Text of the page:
Speaking to a law enforcement convention in Sacramento Wednesday, the governor praised counties’ creativity under realignment in the two and a half years since it took effect. Under the program, the state shifted responsibility for low-level offenders to counties.
“Counties are stepping up to the plate and they’re really making realignment work. And it’s working at the local level in different ways,” Brown said.
But the governor signaled he’ll be open to making some changes to realignment once it’s been in place long enough to identify potential improvements. Brown suggested mental health and drug treatment need attention. And law enforcement groups have another change in mind.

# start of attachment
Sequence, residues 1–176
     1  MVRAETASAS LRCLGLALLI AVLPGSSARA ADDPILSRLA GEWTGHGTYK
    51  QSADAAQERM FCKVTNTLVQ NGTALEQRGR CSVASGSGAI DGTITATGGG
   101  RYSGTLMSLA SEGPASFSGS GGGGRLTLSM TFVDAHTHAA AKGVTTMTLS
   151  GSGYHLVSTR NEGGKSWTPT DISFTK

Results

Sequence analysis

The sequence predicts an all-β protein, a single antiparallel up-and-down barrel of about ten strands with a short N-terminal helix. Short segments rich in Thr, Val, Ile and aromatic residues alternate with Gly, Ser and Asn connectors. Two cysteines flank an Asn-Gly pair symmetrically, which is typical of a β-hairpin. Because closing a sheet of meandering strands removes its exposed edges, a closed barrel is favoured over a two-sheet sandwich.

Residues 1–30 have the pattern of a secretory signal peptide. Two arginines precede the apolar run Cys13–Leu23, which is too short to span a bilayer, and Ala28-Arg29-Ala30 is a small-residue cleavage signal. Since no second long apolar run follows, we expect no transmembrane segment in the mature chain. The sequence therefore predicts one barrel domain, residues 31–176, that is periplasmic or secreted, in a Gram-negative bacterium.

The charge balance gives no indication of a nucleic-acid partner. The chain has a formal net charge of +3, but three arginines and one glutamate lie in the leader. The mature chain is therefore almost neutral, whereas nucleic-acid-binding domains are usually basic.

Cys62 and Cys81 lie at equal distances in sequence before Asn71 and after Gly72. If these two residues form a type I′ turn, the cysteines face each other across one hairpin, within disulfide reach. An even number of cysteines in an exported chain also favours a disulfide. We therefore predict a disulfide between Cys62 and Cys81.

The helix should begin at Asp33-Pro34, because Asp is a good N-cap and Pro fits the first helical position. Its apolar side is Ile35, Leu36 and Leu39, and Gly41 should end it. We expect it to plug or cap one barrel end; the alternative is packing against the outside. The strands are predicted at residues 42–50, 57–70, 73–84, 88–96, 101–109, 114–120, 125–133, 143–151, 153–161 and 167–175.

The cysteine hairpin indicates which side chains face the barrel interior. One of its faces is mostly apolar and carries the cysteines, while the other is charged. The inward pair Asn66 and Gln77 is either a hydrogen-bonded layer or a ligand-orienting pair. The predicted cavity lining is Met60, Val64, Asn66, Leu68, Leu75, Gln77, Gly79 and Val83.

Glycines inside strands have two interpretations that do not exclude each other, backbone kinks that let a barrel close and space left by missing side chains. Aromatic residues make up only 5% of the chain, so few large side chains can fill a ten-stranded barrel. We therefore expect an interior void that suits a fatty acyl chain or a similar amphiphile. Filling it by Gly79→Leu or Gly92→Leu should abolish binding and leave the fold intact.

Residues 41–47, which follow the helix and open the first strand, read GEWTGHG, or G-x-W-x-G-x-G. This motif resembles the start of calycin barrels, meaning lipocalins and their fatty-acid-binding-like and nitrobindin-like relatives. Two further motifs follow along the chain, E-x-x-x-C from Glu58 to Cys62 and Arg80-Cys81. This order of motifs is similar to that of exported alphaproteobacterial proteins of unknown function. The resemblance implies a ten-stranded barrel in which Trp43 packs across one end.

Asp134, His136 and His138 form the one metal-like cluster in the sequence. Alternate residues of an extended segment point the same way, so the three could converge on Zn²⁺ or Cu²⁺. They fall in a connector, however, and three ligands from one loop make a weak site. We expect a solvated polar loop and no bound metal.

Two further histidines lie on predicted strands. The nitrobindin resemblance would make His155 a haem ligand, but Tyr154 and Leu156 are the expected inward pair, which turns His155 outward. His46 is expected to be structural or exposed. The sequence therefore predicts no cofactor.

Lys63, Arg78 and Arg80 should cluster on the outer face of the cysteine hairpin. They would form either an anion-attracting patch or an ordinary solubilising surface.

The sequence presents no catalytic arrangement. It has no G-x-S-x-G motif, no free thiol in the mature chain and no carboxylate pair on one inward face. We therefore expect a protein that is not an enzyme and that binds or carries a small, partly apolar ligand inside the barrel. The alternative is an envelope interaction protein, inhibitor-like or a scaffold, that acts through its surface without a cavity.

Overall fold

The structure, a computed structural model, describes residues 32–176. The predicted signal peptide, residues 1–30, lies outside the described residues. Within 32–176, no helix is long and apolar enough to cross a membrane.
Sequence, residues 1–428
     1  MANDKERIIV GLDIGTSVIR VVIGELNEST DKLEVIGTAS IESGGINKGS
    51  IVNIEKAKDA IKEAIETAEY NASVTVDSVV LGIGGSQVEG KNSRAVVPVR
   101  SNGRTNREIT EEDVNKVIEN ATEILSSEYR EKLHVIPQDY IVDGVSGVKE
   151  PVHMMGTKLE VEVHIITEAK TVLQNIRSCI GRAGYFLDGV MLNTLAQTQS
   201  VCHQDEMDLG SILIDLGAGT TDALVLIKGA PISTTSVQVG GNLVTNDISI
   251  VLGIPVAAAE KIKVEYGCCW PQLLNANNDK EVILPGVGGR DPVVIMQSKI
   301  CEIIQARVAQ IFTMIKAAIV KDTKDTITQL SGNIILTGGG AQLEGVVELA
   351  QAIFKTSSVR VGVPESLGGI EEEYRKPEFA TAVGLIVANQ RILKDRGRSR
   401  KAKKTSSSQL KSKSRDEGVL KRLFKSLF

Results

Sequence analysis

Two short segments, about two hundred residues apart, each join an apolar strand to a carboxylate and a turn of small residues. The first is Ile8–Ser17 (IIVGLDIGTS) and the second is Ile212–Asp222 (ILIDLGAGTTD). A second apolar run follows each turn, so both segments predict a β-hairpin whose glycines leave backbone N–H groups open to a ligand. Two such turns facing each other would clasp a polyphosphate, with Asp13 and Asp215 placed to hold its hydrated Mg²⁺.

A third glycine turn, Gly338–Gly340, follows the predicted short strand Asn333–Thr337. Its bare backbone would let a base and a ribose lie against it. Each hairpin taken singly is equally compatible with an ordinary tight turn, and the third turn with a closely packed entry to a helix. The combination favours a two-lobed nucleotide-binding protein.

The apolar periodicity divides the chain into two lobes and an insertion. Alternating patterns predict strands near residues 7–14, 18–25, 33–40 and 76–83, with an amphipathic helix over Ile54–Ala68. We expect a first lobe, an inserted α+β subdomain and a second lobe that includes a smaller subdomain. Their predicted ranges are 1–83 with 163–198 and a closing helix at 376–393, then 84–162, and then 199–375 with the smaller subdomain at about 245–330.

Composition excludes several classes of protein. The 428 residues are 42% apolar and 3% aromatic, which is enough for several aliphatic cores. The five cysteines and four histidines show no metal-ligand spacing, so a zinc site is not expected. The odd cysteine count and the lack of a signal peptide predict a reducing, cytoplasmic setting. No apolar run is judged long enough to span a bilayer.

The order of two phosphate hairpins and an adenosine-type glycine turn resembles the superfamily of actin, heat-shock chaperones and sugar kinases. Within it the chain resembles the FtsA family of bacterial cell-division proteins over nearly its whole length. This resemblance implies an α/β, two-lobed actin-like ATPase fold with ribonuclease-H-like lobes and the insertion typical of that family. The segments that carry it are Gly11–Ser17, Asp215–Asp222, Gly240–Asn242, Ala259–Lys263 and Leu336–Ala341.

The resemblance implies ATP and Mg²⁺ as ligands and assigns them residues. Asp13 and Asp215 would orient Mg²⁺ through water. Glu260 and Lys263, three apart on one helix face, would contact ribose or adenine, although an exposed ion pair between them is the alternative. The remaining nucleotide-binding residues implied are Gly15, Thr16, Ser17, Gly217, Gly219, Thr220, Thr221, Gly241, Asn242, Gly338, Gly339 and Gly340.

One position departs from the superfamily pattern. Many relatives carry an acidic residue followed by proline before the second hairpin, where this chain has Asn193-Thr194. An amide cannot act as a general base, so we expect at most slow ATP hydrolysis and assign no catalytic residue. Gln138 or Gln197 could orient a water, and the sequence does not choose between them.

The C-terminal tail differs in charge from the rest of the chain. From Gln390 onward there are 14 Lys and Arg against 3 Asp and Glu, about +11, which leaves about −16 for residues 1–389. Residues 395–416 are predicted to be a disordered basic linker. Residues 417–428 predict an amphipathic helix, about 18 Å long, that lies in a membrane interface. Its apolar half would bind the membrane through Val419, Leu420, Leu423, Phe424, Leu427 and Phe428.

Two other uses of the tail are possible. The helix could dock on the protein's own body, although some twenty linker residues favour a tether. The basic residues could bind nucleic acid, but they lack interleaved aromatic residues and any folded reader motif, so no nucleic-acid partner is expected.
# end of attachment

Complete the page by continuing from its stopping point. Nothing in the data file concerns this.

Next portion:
Alameda County Sheriff Gregory Ahern says any offender sentenced to more than five years behind bars should serve that time in state prison. “Some counties have people sentenced to over 40 years at the county jail, and that’s just not what the county jail was built for or meant for, and should be adjusted rather quickly,” Ahern said after the governor spoke.
Merced County District Attorney Larry Morse echoes the sheriff’s concern on long-term county jail sentences. As for realignment in general, “It’s not an unqualified success. It’s not a failure. We’re somewhere in the middle.”
Morse says until there can be a clear measurement of how California’s recidivism rate has changed under the new system, the jury on realignment will remain out.
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